ARCHPRM 701 : Practice Management

Creative Arts and Industries

2022 Semester One (1223) (15 POINTS)

Course Prescription

The New Zealand legal system and the law of contract and torts; negotiations, negligence, disputes and remedies relevant to architects in practice. An examination of the requirements for establishing and maintaining an architectural practice as a business venture as well as strategic market management, financial planning, insurance and taxation.

Course Overview

The course is structured around four half-day Workshops and Practitioner Guest Panels, where students engage with graduates, architects and other practitioners and a variety of approaches to practice management.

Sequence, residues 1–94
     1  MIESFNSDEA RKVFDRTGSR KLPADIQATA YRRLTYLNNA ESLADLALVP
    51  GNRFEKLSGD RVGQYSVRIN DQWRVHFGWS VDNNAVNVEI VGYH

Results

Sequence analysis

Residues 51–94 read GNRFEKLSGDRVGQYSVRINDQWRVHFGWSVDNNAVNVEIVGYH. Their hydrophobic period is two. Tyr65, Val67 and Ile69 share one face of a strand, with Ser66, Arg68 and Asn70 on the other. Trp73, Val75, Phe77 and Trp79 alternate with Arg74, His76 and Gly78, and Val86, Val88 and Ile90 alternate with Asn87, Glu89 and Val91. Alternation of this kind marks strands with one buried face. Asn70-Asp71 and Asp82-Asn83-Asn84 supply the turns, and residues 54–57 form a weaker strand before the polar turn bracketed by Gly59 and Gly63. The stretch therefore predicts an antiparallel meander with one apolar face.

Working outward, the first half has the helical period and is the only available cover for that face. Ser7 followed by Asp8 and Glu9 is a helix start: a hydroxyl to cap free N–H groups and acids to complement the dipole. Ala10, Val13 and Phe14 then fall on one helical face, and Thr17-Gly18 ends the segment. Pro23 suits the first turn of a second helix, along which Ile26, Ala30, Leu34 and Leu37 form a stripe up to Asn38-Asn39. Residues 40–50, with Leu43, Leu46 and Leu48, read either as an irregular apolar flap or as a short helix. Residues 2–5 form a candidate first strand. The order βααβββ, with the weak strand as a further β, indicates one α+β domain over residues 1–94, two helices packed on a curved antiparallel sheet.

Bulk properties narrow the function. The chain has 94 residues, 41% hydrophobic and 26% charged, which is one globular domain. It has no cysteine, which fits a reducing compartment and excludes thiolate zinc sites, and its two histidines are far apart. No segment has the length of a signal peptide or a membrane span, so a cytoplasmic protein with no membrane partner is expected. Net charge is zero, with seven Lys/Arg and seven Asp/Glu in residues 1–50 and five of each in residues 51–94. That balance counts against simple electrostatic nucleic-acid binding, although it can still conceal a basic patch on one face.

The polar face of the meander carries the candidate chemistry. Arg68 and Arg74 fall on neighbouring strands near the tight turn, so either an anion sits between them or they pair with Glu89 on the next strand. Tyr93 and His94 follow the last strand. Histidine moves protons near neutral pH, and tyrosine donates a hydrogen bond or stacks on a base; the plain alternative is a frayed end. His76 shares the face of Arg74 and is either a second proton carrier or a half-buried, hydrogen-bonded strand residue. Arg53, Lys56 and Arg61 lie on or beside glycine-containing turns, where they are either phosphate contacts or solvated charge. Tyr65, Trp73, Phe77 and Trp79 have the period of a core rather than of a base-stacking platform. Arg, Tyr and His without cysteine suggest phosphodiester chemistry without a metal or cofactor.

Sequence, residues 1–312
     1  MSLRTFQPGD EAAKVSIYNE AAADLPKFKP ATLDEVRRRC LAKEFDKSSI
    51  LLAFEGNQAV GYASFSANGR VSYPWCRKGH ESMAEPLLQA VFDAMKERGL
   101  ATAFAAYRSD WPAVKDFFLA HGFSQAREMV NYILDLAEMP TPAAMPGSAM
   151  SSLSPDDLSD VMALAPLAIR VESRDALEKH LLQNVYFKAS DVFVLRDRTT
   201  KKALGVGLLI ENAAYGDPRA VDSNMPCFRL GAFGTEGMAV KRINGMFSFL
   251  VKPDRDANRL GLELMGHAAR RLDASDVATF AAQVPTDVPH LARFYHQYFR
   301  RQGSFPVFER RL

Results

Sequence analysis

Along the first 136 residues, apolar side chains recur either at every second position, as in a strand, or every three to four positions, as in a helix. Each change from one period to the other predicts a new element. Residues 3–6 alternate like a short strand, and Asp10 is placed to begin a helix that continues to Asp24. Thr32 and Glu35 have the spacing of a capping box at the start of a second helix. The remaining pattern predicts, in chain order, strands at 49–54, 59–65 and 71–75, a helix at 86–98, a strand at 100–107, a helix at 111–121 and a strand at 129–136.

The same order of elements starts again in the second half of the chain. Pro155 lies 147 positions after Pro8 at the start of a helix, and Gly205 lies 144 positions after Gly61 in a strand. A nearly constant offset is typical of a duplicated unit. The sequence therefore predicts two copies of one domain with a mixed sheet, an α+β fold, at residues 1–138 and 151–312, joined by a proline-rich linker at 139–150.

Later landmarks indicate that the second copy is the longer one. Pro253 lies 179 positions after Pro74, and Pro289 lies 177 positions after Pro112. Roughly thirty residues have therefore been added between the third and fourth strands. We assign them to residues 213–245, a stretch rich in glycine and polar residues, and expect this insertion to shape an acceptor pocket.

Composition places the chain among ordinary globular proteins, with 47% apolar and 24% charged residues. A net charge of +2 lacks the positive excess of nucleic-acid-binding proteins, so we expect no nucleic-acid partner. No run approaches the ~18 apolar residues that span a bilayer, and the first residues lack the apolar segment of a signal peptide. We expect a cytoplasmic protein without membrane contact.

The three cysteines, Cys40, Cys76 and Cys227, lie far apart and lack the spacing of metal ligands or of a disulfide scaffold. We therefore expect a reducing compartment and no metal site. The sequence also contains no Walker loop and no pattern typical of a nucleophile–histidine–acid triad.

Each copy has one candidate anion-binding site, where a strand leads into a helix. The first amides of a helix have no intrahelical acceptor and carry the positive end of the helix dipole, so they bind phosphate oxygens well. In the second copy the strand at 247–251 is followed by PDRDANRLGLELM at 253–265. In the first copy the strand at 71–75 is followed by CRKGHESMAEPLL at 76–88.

Course Requirements

No pre-requisites or restrictions

Capabilities Developed in this Course

Capability 1: Disciplinary Knowledge and Practice
Capability 2: Critical Thinking
Capability 4: Communication and Engagement
Capability 5: Independence and Integrity
Capability 6: Social and Environmental Responsibilities

Learning Outcomes

By the end of this course, students will be able to:
  1. Demonstrate advanced knowledge of the requirements for establishing and maintaining an architectural practice (Capability 1.2, 2.1 and 2.2)
  2. Demonstrate the ability to critically engage with architectural practice matters and advocacy (Capability 1.1, 1.2, 2.1, 2.2 and 2.3)
  3. Demonstrate advanced communication abilities regarding professional practice matters through a range of visual and communication media (Capability 4.1, 4.2 and 4.3)
  4. Demonstrate good judgement and ethical behaviour in individual tasks and group works (Capability 5.1, 5.2 and 5.3)